Three months ago, the U.S. District Court in Delaware upheld the bankruptcy court’s decision in In re Fisker Auto. Holdings, Inc., which limited, for “cause,” the amount that the purchaser of a secured lender’s claim could credit bid in connection with an asset sale under section 363 of the Bankruptcy Code. Last month, another bankruptcy court – this time in Virginia – followed suit under closely analogous circumstances.
In In re The Free Lance-Star Publishing Co. of Fredericksburg, VA et al., the debtors sought to sell substantially all of their assets, which included not only business assets related to four radio stations, printing and newspaper businesses, but also certain parcels of real property on which radio towers existed and all of the permits, licenses and contracts related thereto (together, the “Tower Assets”).
In 2006, the debtors borrowed approximately $50.8 million from Branch Banking & Trust, and granted the bank security interests that did not include a lien on the Tower Assets. In early 2009, the debtors defaulted on the loan and restructuring efforts failed. Last summer, BB&T sold the loan to Sandton Capital Partners for an unknown amount, and Sandton attempted to effectuate a pre-packaged restructuring that involved a section 363 bankruptcy sale of the debtors’ assets, including the Tower Assets, to an affiliate called DSP Acquisition pursuant to a $39 million credit bid.
As part of the pre-bankruptcy negotiations, DSP requested that the debtors execute three new deeds of trust to encumber the Tower Assets. While these discussions were pending, DSP unilaterally filed UCC fixture financing statements that purported to cover the Tower Assets. Approximately 90 days later, DSP renewed pressure on the debtors to quickly file for bankruptcy and argued against marketing of the debtors’ assets. DSP insisted on a six-week sale process, resisted the debtors’ efforts to market the assets to other prospective purchasers, and made an offer to provide the debtors with postpetition financing that was rejected. All plan negotiations between the parties then ceased. In the week before the bankruptcy filing, DSP recorded additional financing statements with respect to the Tower Assets without providing any notice to the debtors.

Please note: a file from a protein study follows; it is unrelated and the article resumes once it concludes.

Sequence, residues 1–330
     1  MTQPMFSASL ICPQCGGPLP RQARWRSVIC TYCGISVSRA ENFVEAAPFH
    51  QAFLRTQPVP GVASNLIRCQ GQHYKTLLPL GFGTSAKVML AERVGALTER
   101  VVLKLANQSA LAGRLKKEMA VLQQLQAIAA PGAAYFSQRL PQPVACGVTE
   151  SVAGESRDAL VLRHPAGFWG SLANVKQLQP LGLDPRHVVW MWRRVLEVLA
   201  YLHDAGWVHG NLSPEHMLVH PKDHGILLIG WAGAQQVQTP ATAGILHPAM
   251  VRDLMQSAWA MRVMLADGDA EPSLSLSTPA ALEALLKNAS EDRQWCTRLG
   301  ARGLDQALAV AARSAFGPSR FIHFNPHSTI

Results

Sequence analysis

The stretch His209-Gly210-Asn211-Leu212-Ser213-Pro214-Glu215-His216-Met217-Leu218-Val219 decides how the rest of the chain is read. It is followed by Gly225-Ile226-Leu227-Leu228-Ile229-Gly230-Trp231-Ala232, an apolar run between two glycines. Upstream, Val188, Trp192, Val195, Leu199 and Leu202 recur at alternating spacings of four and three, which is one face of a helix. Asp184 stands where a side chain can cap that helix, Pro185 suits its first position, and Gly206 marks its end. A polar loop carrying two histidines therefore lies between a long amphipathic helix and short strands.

After the commencement of the debtors’ chapter 11 cases, DSP objected to the debtors’ request to use cash collateral and sought adequate protection in the form of liens on the Tower Assets without disclosing to the bankruptcy court that it had, pre-petition, recorded financing statements on these assets without a grant of a security interest from the debtors. The bankruptcy court denied DSP’s request, and approved bidding procedures that granted DSP the right to credit bid its claim in an amount either (i) agreed to by the parties or (ii) as determined by the court at a subsequent hearing.
After a three-day evidentiary hearing, Bankruptcy Judge Kevin Huennekens, relying on Fisker, concluded that DSP’s credit bid should be capped at $1.2 million for assets related to the debtors’ radio business and $12.7 million for assets related to the debtors’ newspaper and printing business – limiting DSP’s credit bid right to only those assets on which it held valid, undisputed and properly perfected liens. Judge Huennekens found that DSP did not have a lien on the Tower Assets, disapprovingly citing DSP’s prepetition and postpetition conduct and its negative impact on the auction process.
Last week, the U.S. District Court denied DSP’s emergency motion to expedite consideration of its motion for certification and for leave to appeal, concluding that there is no risk of irreparable harm if the credit bid issues are not resolved before the auction (scheduled for May 15, 2014), since the bankruptcy court “will determine who receives the sale proceeds (and how much) after the sale.” It will be interesting to see if the capping of DSP’s credit bid will have the intended effect of fostering a robust auction and driving the sale price up beyond DSP’s proposed $39 million. Regardless, the court’s opinion serves to bolster Fisker’s main holding—namely that bankruptcy courts can restrict the credit bid rights of secured creditors whose liens do not encompass all assets for sale, particularly in cases in which the secured creditor is guilty of inequitable conduct.